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Booster doses will be required to contain Covid-19 in future, says top expert

Booster doses will be required to contain Covid-19 in future, says top expert

Studies on booster dose have been going on overseas and at least seven different vaccines have been tried out for booster dose

Commenting on mixing of vaccines, she said there was a situation where inadvertently two different vaccines were given in two doses Commenting on mixing of vaccines, she said there was a situation where inadvertently two different vaccines were given in two doses

Since new variants of coronavirus will keep coming, booster doses will be required to control the pandemic, according to Priya Abraham, Director of the National Institute of Virology (NIV), Pune, under the Indian Council of Medical Research (ICMR). NIV had spearheaded development of India's first indigenously developed vaccine, Covaxin.

Studies on booster dose have been going on overseas and at least seven different vaccines have been tried out for booster dose. Now, the World Health Organization (WHO) has put a stop to it till more countries catch up with vaccination as there is an alarming vaccine gap between high-income and low-income countries. However, in future, recommendations for boosters will definitely come, she said.

Wearing mask properly and actively encouraging everyone to get vaccinated is the solution and even if a new wave comes, it will not be a big one. The Delta-plus variant is less likely to spread than the Delta variant itself. The highly transmissible Delta variant is present in over 130 countries.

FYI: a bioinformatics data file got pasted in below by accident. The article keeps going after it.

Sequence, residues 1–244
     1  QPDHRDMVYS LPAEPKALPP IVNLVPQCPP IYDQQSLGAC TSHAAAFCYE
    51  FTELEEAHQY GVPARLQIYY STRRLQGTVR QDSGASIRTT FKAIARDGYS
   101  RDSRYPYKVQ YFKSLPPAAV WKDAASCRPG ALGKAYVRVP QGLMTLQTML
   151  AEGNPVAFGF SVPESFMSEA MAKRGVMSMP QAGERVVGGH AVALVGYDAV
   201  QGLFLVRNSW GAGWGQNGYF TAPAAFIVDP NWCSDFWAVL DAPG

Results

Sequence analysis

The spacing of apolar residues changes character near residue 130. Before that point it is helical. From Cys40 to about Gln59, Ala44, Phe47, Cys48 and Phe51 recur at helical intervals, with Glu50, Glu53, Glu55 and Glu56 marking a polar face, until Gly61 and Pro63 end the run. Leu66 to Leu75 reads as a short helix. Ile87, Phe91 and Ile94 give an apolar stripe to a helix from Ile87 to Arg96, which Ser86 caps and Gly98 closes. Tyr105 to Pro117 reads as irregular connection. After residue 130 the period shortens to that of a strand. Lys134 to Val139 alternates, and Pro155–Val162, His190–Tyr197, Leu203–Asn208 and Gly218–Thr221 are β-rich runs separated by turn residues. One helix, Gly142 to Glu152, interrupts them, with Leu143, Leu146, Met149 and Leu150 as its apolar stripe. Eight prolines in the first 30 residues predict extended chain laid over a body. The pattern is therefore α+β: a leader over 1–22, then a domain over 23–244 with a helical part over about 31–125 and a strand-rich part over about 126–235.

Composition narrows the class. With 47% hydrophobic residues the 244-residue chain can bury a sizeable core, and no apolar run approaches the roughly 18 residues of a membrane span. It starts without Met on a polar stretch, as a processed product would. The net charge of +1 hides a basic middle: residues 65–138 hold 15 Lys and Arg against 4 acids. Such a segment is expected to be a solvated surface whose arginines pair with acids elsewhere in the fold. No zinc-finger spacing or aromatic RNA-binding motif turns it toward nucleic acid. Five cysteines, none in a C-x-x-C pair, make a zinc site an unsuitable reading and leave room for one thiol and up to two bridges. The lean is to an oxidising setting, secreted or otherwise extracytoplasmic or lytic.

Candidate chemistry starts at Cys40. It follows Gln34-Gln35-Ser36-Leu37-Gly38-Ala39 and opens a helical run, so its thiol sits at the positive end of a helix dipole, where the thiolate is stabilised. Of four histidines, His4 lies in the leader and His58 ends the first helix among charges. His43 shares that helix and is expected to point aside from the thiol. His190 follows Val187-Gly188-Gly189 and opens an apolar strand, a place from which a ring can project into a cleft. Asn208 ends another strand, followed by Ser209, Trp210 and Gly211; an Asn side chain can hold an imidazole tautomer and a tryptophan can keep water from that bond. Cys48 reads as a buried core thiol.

Also read: COVID-19 vaccine: US experts may recommend boosters at 8 months

"We have studied the antibodies produced in the bodies of vaccinated people and checked it against this variant. It has been found that efficacy of antibodies against this variant has been reduced two to three folds.  Yet, the vaccines are still protective against the variants," she said in an interview with India Science, the OTT channel of the Department of Science & Technology.

She said India is likely to have COVID-19 vaccines for children by September or just after. Presently, Phase II and III trials of Covaxin are going on for children in the age group of 2-18 years. Zydus Cadila’s vaccine trial is also going on for children.

Commenting on mixing of vaccines, she said there was a situation where inadvertently two different vaccines were given in two doses. NIV tested those samples and found that the patients who received different vaccines in two doses were safe. No adverse effect was noted and immunogenicity was a little better. "It is definitely not something which will cause a safety issue. We are studying this phenomenon and will be able to give more details in a few days’ time," she said.  

Also read: COVID-19 vaccine benefits far outweigh rare risk of facial paralysis: Lancet study

Priya Abraham and her team were among the first in the world to isolate Covid-19 virus and gave the strain to Bharat Biotech International Limited (BBIL) by the end of April last year. With that BBIL developed a whole virion-inactivated vaccine in a month and gave back to NIV for review.  

After ensuring complete inactivation of the virus, studies were done for complete characterisation and pre-clinical trials were started on hamsters and non-human primates (monkeys). All tests were done in NIV's highest Bio-Safety Level-4 level containment facilities and in the next phase, NIV assisted BBIL in the Phase I, II and III clinical trials in areas such as diagnostic aspect and laboratory support, she said.

Also read: India administers record 88.13 lakh COVID-19 vaccine doses in a single day